Maize producers transitioning to an organic cropping system must grow crops organically without price premiums for 36 months before certification. We evaluated conventional and organic maize with recommended and high seeding and N rates in New York to identify the best organic management practices during the transition. Conventional versus organic maize management differences included a treated (fungicide/insecticide) Genetically Modified (GM) hybrid versus a non-treated non-GM isoline; side-dressed synthetic N versus pre-plow composted manure; and Glyphosate versus mechanical weed control, respectively. Organic versus conventional maize yielded 32% lower as the entry crop (no previous green manure crop). Grain N% and weed densities explained 72% of yield variability. Organic and conventional maize, following wheat/red clover in the second year, yielded similarly. Organic maize with high inputs following wheat/red clover and conventional maize with high inputs following soybean in the third year yielded the highest. Grain N% and maize densities explained 54% of yield variability. Grain crop producers in the Northeast USA who do not have on-farm manure and forage equipment should plant maize after wheat/red clover with additional N (~56 kg N/ha) at higher seeding rates (~7%) during the transition to insure adequate N status and to offset maize density reductions from mechanical weed control. Full article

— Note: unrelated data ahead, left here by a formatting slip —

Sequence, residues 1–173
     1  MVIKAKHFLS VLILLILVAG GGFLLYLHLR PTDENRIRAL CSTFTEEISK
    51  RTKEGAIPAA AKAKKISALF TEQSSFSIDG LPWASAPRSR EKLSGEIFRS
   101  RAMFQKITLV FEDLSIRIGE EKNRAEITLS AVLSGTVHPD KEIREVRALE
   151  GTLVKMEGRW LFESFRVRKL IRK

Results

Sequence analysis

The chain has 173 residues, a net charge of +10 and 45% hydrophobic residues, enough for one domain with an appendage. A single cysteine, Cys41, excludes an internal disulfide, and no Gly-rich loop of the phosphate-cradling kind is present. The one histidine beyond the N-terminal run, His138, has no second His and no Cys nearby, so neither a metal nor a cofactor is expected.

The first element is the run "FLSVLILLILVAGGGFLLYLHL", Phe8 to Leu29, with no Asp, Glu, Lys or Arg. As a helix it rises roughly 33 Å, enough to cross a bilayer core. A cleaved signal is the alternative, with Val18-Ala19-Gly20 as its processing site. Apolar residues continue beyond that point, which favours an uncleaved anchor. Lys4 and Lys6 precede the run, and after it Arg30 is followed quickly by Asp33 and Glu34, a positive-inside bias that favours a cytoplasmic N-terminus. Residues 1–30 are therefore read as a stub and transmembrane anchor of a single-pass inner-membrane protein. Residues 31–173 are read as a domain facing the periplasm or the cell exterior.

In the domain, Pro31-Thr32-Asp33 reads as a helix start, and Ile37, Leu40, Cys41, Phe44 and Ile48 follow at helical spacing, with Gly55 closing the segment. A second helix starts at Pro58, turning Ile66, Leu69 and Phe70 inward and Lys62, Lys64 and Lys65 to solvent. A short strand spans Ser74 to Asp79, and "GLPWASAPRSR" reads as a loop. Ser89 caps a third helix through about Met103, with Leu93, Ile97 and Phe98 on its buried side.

Open AccessArticle
Genotype-by-Environment Interaction and Yield Stability of Maize Single Cross Hybrids Developed from Tropical Inbred Lines
Agronomy 2018, 8(5), 62; https://doi.org/10.3390/agronomy8050062 - 01 May 2018
Cited by 7
Abstract
Nitrogen (N) is one of the most important nutrients required for high productivity of the maize plant. In most farmers’ fields in Sub-Saharan Africa (SSA), there is low availability of N in the soil mainly due to continuous cultivation of the land, crop [...] Read more.